Deer hunting season ramping up

GlynnHarrisBy the time you read this, hunting seasons will have kicked off with a “twang” and a “bang”. Bow season for deer became legal at dawn Wednesday October 1 while squirrel hunting commenced Saturday October 4.

I have to admit that I’ve never bow hunted. It’s a fun and exciting event I never tried with the main reason being my love for chasing bushy-tails, especially on opening day. Sitting in a stand with archery equipment waiting on a deer seemed to me to be a waste of my time. I’d rather be sneaking through the woods watching for a branch to move or listen for an acorn to drop.

Bow hunters see it just the opposite. They scarcely notice squirrels around their deer stand while they wait for a deer to show up.

Maybe one reason I have opted for hunting squirrels in October is that I’m lazy. Sitting on a log or sneaking along looking for movement that indicates a squirrel is feeding requires much less effort than all a bow hunter has to go through just to get ready to hunt.

Bow hunters have to do some serious scouting prior to season. There are deer trails to locate, stands to hang, shooting lanes to trim, trail cameras to set up and monitor. Then there is the practice that every bow hunter goes through. Any serious archery aficionado I know spends untold hours flinging arrows under every possible situation he is likely to find when the hunt is on. Muscles need to be toned and strengthened, the bow tuned just right for the arrow he will be shooting. He’ll need to become dead-on accurate at reading distances; he knows that misjudging how far a deer is from his stand can mean a clear miss or an ill-placed arrow resulting in a wounded deer that can’t be recovered. Bow hunting done right is work.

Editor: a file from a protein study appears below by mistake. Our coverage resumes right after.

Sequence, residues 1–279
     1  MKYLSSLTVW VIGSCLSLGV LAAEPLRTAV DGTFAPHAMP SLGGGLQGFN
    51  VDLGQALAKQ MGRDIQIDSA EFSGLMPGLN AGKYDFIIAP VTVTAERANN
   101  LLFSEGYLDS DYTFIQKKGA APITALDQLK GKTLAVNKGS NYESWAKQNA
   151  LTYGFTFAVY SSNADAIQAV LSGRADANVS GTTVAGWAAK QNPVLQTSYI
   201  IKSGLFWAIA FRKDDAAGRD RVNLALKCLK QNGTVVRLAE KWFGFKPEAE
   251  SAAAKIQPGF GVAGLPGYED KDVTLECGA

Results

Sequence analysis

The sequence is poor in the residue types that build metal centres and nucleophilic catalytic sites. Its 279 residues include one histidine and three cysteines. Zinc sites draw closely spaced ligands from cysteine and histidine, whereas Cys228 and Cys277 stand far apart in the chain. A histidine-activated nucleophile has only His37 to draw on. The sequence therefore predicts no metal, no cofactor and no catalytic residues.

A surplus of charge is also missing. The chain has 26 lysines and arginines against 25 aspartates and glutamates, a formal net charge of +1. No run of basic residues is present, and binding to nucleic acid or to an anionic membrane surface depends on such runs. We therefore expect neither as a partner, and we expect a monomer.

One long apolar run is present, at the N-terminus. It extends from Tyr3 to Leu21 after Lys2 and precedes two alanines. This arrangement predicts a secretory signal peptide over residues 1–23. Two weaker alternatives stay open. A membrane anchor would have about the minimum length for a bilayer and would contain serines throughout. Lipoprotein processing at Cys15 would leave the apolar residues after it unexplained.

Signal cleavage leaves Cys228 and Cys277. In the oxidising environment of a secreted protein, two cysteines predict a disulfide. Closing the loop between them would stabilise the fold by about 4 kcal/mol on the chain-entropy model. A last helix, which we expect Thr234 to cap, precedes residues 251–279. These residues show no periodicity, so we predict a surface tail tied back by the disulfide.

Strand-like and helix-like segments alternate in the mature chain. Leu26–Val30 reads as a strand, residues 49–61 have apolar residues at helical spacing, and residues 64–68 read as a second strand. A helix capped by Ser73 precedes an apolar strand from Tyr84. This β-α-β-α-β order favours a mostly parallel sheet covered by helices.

For the squirrel hunter like me, we’ve been out checking to see what the squirrels are feeding on. If your woods has some acorn-bearing oaks and you see evidence of cuttings beneath the tree, its game on. The same thing can be said for hickories and every few years, beech.

One of the things I like to do is sneak out into the woods at daylight a few days before season opens. I’ll slip into an oak flat, find a seat on a log and just wait. Hopefully I’ll see movement in a tree. It could be a branch being jostled or a blur of movement up the trunk of the tree.

I learned long ago that every thing that moves in a tree in the woods in October is not necessarily a squirrel. It could be a blue jay or woodpecker. Studying the way birds move in a tree is different from the movement caused by a squirrel. Birds flutter; squirrels don’t. They’re more likely to jostle the end of a branch when they’re there feeding on acorns.

Using your ears is another good way to locate squirrels. When they’re feeding on hickory nuts, the hard shells aren’t easy to crack so you’ll hear a steady “whack…whack…whack” as a bushy tail chisels away the tough husk to get to the nut inside. If the food source is acorns, listen for the steady patter of acorn parts falling to the ground.

Once season opens and you’re hunting for real, be aware of what you have seen and heard when you bag the first squirrel. If the food supply is plentiful, you may do well to just sit tight and watch before picking up the downed squirrel. Chances are in a few minutes, others feeding in the area that paused at your shot will soon go back to their normal routine and you might be able to collect several without leaving your seat.

Whether you prefer to hear the “twang” of an arrow or the “bang” of your firearm, that enchanted time is here. Be sure of your target, practice safety and have fun.

Glynn Harris Outdoors is proudly sponsored by DSK, Ltd. of Minden.

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